Today, consumer-focused websites and services have been slowly migrating and allowing their customers to authenticate with these methods. It should be no wonder that the White House is pushing for private adoption of multi-factor authentication, considering their own staffers’ social media accounts were compromised by nation state actors in December. I predict that this could turn into a government mandate (i.e. legislation) if the government can resolve the issue of what a citizen’s “private data” is. CNAP includes a commission to research this as well.

While I’m on the subject of private and sensitive data, CNAP has included an executive order requiring federal agencies to conduct an assessment to identify and classify what their sensitive data and critical assets are. Again, this is a smart step. How can an organization possibly protect itself, if it doesn’t know what to protect?

In short, CNAP goes beyond a “step in the right direction.” This is a full-on leap forward. In fact, I could argue this leapfrogs what other nations are doing for cybersecurity with one exception: the European Union. The EU has gone one step further and defined what “private” data is and how it should be handled.

Attackers will always get in–regardless of which party is in power. What matters is how fast the U.S. government can detect, and respond to these cyberattacks. 

However, as always, the devil is in the details. The Obama administration has ordered that a new Federal Chief Information Security Officer (CISO) be appointed whose duties will include developing, managing, and coordinating cybersecurity strategy, policy, and operations across the entire federal domain. In this example, the devil in the detail would be: How much authority to direct change would this CISO have across the federal agencies? Will this person be held singularly accountable for all cybersecurity in the federal government? On a snarky note, I hope this role doesn’t become known as the “cyber czar.” The CISO role has become the gold standard in our industry for the person “in charge” and responsible cybersecurity.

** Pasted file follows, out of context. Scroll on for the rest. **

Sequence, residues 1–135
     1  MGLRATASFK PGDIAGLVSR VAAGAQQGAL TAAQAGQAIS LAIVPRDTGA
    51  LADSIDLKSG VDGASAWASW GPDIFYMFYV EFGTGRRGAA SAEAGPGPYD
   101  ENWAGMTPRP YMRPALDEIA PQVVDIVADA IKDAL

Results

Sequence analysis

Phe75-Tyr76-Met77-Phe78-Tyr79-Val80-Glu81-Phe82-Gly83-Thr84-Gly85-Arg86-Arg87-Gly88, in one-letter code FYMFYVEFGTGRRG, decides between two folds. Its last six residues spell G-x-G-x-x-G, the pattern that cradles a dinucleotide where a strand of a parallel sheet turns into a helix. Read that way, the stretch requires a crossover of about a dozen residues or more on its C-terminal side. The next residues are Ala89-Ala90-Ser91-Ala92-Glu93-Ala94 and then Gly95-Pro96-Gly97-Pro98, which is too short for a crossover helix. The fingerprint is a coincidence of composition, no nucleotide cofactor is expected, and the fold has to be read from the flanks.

Given that we are in an election year, there will no doubt be opposing parties that feel obligated to take swipes at this plan. I hope not. I hope there is bipartisan support for this executive order. The issues it addresses are too important. The government programs outlined in CNAP like small business cybersecurity awareness and additional headcount for incident response in federal agencies will require initial and continued funds to be successful.

Attackers will always get in–regardless of which party is in power. What matters is how fast the U.S. government can detect, and respond to these cyberattacks. If more information is stolen, will the government retrace be able to retrace the attacker’s steps and determine exactly what was stolen or sabotaged? The White House has just thrown down the gauntlet and set the bar pretty high. Let’s make sure we have the fortitude to see this through or breaches like OPM will seem like child’s play.

Justin Harvey is chief security officer at Fidelis Cybersecurity. He was previously the vice president and chief technology officer of Global Solutions at FireEye, technical director at Mandiant and chief solutions strategist with HP Enterprise Security. Harvey provides commentary to several news outlets, including BBC News, Newsweek, the Guardian, Politico, eWeek, CSO, Financial Times, New York Times, U.S. News & World Report, Federal Computer Week, Reuters and the Associated Press. Follow him on Twitter @jbharvey.

Photo via U.S. Army/Flickr (CC by 2.0) | Remix by Max Fleishman